CHRIST, THE NEW SONG
Isaiah 12:1-6; James 1:16-21; John 16:5-15
In the name of the Father and of the + Son and of the Holy Spirit.
St. John 16:13-14 “However, when He, the Spirit of truth has come, He will guide you into all truth; for He will not speak on His own authority, but whatever He hears He will speak; and He will tell you things to come. He will glorify Me…”
Dear fellow redeemed in Christ our Lord… Today is Cantate Sunday, a Sunday that traditionally has something to do with singing. The name is Latin for the first words of the Introit for today from Psalm 98. There we are encouraged to “Sing to Yahweh a new song, for He has done marvelous things…” Six times in the Psalms we are told about singing a new song, and once in Isaiah. Questions about music and singing naturally come to mind: Is this a divine command for perpetual creativity and innovation in music? Is this a directive to throw out that which is for one reason or another determined to be old music? And what is the content of the new song? What is to guide this music that Christians are instructed to sing?
None of this is what David or Isaiah had in mind when they spoke of the new song. The music of which they speak is new not because of its age, but because of its message. The new song is the song of God’s salvation for His people. Listen to the subject and message of Psalm 98: “Sing to Yahweh a new song, for He has done marvelous things; His right hand and His holy arm have gained Him the victory. Yahweh has made His salvation known; His righteousness He has revealed in the sight of the nations. He has remembered His mercy and His faithfulness to the house of Israel; all the ends of the earth have seen the salvation of our God.”
And so also Isaiah directs us to sing in the Old Testament lesson for today. And what is it that prompts his call for the Church to sing? “O Yahweh, I will praise You; though You were angry with me, Your anger is turned away, and You comfort me. Behold, God is my salvation, I will trust and not be afraid; For YAH, the Lord is my strength and song; He also has become my salvation.” The new song of the Christian is the Spirit-given song… of Christ.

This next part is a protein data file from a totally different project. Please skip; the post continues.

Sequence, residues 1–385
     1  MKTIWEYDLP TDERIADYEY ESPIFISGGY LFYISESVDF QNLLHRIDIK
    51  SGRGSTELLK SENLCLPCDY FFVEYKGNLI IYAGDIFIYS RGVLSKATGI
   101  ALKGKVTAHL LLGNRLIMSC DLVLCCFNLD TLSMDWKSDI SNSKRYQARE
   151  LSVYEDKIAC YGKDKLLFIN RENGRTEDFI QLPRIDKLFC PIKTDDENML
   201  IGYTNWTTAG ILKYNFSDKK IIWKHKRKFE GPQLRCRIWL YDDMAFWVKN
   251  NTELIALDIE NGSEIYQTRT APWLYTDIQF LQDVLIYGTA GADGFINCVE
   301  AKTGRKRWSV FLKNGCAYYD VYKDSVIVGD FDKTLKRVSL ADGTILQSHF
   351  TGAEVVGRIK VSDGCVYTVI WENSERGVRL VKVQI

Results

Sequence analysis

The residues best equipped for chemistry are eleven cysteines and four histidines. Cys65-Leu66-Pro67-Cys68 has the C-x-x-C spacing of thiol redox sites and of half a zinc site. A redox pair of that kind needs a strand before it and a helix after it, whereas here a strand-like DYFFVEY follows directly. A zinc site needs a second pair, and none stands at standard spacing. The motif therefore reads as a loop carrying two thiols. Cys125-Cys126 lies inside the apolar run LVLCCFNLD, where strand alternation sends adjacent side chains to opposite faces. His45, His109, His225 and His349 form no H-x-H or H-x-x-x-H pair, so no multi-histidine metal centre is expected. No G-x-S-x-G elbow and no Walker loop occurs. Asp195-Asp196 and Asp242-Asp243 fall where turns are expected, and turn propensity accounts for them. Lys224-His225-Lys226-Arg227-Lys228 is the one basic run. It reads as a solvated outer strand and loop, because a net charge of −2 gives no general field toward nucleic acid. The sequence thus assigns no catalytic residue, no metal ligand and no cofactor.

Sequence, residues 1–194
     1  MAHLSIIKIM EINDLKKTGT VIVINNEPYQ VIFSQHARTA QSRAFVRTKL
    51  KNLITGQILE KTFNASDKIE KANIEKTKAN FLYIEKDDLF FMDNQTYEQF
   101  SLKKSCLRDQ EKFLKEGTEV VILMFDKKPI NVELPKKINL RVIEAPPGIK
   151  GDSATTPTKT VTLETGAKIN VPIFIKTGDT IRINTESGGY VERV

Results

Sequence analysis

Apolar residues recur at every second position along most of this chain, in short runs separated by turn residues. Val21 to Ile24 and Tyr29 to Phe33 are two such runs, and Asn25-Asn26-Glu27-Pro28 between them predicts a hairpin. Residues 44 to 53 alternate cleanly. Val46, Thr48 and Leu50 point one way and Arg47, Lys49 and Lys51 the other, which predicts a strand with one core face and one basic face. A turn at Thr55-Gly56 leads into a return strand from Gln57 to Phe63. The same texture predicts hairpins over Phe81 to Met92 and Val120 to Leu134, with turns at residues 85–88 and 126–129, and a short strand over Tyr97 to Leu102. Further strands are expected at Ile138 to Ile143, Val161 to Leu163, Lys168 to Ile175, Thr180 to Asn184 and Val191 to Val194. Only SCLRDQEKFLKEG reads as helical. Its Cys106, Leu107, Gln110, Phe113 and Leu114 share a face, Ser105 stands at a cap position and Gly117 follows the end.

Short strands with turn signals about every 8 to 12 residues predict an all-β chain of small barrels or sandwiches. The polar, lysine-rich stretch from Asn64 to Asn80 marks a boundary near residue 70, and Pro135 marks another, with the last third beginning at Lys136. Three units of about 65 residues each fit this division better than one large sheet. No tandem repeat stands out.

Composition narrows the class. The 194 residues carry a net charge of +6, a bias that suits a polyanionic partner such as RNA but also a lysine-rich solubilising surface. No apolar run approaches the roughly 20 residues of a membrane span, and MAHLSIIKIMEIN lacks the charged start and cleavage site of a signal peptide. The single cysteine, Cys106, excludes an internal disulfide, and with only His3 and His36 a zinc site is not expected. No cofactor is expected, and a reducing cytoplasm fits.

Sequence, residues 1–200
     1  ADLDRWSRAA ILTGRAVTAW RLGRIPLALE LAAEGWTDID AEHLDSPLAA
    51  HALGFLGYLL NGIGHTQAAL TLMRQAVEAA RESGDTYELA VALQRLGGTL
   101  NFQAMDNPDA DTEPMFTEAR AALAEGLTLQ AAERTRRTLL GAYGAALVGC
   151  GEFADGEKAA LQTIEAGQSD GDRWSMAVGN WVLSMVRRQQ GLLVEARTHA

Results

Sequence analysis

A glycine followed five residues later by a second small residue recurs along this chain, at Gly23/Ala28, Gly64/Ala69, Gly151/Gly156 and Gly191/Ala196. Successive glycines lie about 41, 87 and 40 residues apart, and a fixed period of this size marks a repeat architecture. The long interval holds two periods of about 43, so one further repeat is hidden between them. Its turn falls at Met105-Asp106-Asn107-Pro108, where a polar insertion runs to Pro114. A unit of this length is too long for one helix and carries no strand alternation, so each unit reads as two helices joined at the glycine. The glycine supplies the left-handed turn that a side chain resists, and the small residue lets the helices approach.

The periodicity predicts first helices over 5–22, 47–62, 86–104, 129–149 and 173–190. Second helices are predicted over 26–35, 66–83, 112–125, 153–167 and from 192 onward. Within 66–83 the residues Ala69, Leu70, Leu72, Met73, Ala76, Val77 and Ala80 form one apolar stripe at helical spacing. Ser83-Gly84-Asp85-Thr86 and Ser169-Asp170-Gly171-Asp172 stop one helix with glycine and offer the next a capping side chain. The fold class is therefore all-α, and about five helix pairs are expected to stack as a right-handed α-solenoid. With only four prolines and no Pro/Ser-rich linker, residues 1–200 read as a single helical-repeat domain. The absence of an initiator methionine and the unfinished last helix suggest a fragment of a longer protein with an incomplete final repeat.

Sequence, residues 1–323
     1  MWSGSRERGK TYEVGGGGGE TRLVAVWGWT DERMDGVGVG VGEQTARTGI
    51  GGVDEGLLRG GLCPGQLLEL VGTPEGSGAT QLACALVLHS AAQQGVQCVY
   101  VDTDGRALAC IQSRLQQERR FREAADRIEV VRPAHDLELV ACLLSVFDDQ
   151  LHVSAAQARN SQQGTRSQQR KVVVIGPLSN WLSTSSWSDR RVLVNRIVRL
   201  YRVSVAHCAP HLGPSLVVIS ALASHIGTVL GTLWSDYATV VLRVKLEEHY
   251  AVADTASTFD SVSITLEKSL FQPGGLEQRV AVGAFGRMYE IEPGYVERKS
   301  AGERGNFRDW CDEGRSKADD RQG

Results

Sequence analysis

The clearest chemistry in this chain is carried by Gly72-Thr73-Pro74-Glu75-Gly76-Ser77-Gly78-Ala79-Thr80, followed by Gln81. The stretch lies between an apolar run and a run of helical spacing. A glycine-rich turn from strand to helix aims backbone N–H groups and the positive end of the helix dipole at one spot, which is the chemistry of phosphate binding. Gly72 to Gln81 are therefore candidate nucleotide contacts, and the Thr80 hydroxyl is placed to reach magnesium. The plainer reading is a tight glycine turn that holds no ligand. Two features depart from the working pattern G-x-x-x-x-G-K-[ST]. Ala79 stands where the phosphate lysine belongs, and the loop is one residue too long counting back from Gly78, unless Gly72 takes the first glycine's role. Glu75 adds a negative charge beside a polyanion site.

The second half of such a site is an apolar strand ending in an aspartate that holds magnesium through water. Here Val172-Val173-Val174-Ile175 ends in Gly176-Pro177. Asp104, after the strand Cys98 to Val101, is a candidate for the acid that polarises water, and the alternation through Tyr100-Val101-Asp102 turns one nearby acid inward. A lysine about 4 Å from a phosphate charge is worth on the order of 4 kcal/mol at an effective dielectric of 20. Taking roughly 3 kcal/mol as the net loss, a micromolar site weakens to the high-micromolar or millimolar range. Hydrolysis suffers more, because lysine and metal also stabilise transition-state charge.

Yes, while the Spirit’s role in the creation of the “praise and worship” music is at best questionable, He has clearly inspired this song. For where Christ and His Gospel are declared, there we are most certain that the Spirit is at work. Listen again to our Lord’s promise to send the Holy Spirit: “I will send Him to you. And when He has come, He will convict the world of sin, and of righteousness, and of judgment… when He, the Spirit of truth has come, He will guide you into all truth; for He will not speak on His own authority, but whatever He hears He will speak; and He will tell you things to come. He will glorify Me, for He will take of what is mine and declare it to you.” The Spirit’s work is centered on Christ. The Spirit is sent by Christ, He guides into the truth of Christ’s Word, He convicts by that same Word, He declares the things of Christ, and thereby glorifies and points to Christ.
Indeed through the power of the Holy Spirit working in the Word of Jesus, our Lord Jesus is truly present with us. But the issue is never whether or not Jesus is everywhere; the issue is always where He promises to reveal Himself and give His blessings. The issue is to what specific things and places has He attached His promises? That revealing and giving happens where the Spirit is active. And the Spirit is active in the things and activities to which Christ has attached His promise; specifically in His Word and in His sacraments.
Furthermore, there is a Trinitarian shape to this giving of Jesus. Jesus sends the Spirit to us. But Jesus is first Himself sent by the Father. And the Word Jesus delivers to the Spirit for us to receive is first delivered to Him by the Father. In John 12, Jesus said: “I have not spoken on My own authority; but the Father who sent Me gave Me a command, what I should say and what I should speak.” Likewise in John 14: “The word which you hear is not Mine but the Father’s who sent Me.”